- Hunter & Trapper Education
- Chronic Wasting Disease (CWD)
- Hunting Access & Closures
- Hunting Access on Private Lands
- Where To Get Maps
- Bighorn Sheep Units
- DNR Lands
- Hunting Hours
- Turn in a Poacher (TIP) Program
- Turn in a Poacher (TIP) Trailer
- State Recreation Lands & Water Access Sites
- Treponeme-Associated Hoof Disease (TAHD) in Elk
- Washington Department of Fish & Wildlife
- Licenses, Permits & Fees
- Mandatory Hunter Reporting
- Violations & Penalties
- Equipment & Hunting Methods
- Public Conduct Rules on WDFW Lands
- Hunter’s Code of Conduct
- Prohibited Hunting Methods
- Tagging & Transporting Game
- Persons with Disabilities
- Tribal Hunting
- Deer General Information
- Deer Antler Point Diagrams
- Elk General Information
- Elk Antler Point Diagrams
- Baiting for the Purposes of Hunting Deer or Elk
- Black Bear
- Species Identification
- WDFW Check Stations
- Seasons & Limits
- Management Areas
- PDF Downloads
The Washington Department of Natural Resources (DNR) manages three million acres of state trust land. These lands are managed primarily to generate income to build public schools, universities, and provide other public benefits. They also are managed to provide habitat for fish and wildlife, and offer the public opportunities for recreation, such as camping, hunting and fishing. Each year, millions of people recreate on public lands; most of them treat the land and its resources with respect, but a few do not. Increasingly, private landowners are closing their lands to protect them from vandalism and theft. DNR wants to continue to keep trust lands open for hunting and fishing, but we need your help.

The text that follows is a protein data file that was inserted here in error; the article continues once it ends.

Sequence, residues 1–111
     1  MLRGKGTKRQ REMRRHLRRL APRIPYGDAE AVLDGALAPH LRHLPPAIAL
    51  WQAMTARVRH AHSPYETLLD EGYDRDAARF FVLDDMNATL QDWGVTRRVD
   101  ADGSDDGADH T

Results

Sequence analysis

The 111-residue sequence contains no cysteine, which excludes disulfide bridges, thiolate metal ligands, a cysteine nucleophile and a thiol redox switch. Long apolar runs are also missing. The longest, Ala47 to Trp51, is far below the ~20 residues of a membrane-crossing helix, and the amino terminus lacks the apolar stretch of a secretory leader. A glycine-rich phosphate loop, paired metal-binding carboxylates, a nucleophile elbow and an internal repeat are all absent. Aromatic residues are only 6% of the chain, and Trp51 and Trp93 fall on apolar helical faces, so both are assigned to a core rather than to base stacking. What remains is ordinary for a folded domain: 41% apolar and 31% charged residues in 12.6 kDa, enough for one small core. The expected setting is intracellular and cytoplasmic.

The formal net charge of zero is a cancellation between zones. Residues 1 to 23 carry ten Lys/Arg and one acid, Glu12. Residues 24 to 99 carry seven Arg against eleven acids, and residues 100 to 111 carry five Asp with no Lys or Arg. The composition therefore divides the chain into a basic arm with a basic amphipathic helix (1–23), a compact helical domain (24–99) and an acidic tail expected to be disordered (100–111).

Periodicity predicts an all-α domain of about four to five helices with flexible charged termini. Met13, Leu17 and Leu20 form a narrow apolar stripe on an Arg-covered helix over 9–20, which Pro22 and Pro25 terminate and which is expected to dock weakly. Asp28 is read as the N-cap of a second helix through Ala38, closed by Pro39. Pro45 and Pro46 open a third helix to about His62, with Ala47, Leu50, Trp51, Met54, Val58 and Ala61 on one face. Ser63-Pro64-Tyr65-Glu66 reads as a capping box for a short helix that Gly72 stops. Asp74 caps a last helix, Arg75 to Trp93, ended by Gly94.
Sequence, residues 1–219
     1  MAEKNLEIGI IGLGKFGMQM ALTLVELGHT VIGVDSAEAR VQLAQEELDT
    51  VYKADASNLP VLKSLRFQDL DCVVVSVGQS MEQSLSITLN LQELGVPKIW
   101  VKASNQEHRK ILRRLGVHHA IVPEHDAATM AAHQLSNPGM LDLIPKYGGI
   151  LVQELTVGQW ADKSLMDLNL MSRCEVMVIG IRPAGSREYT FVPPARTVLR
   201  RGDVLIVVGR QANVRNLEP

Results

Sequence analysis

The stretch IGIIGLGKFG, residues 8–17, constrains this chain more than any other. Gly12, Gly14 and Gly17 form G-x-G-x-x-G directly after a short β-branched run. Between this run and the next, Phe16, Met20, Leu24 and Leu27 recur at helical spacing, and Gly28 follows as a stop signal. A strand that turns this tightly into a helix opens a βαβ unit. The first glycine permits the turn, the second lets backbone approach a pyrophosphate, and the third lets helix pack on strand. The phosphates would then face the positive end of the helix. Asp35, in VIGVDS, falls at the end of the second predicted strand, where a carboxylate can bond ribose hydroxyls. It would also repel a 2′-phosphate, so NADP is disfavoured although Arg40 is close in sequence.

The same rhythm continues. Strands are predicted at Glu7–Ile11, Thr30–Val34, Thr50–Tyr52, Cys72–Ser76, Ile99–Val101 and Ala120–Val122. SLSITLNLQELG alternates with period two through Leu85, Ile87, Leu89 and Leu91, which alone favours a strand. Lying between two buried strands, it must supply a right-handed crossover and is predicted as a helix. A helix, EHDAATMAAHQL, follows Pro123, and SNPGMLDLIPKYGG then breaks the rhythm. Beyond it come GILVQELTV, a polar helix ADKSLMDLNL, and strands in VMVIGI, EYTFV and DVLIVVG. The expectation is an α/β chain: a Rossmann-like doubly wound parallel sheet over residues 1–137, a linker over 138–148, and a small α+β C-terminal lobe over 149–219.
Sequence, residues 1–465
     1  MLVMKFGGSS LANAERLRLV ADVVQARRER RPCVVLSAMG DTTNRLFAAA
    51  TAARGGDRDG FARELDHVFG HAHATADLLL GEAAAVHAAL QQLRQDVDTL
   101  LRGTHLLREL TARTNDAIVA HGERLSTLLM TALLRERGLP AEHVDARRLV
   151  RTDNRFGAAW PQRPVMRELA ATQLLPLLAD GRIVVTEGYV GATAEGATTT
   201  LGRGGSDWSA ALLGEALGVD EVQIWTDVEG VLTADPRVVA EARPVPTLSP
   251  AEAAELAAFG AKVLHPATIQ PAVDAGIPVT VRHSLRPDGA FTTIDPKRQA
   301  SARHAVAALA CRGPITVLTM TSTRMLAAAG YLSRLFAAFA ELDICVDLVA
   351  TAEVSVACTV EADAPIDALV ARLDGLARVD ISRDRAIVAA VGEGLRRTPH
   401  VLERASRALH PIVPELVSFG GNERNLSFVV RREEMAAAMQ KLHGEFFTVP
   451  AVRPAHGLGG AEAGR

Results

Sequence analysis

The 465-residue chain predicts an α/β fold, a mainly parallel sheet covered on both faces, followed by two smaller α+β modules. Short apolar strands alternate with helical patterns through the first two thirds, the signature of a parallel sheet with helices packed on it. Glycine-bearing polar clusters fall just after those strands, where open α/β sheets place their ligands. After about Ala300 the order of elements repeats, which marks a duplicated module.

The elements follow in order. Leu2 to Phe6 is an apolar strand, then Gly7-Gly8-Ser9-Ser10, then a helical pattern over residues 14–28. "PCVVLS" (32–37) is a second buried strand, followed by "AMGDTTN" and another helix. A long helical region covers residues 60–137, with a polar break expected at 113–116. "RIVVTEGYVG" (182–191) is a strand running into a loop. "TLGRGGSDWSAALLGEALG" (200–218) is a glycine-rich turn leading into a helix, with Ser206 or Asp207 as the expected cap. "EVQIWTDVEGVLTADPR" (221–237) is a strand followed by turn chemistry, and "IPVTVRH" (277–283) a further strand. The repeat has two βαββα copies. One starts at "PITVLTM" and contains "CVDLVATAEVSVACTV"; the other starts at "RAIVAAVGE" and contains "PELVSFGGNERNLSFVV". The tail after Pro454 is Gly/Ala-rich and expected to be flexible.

As a land manager, DNR has the responsibility to manage its land to support wildlife and maintain water quality. Wildlife need snags, trees and brush; fish need streams with clean water and gravel. Healthy habitats help provide healthy fish and wildlife populations. You can help.
When you’re hunting or fishing, please remember the following:
- Keep vehicles on roads and out of streams and wetlands.
- Check your vehicle for weeds, they can grow and crowd out native vegetation.
- Get a permit before cutting firewood.
- Snags are best used for wildlife habitat, not for firewood.
- Leave your campsite clean when you leave. Pack it in Pack it out.
- Only tree stands that cause no permanent damage to trees should be used on state lands.
- Check road conditions, roads damaged, due to soft conditions, often lead to them being closed.
- Remember to get landowner approval to access DNR lands that do not have a public access.
- Leave all gates as you found them, if they are open leave them open, if closed leave them closed.
- You will need a Discover Pass to hunt, fish or recreate on all DNR managed lands.
For information on the nearest DNR office, go to our website www.dnr.wa.gov. Report violators when you see abuse. Help keep public lands open to the public.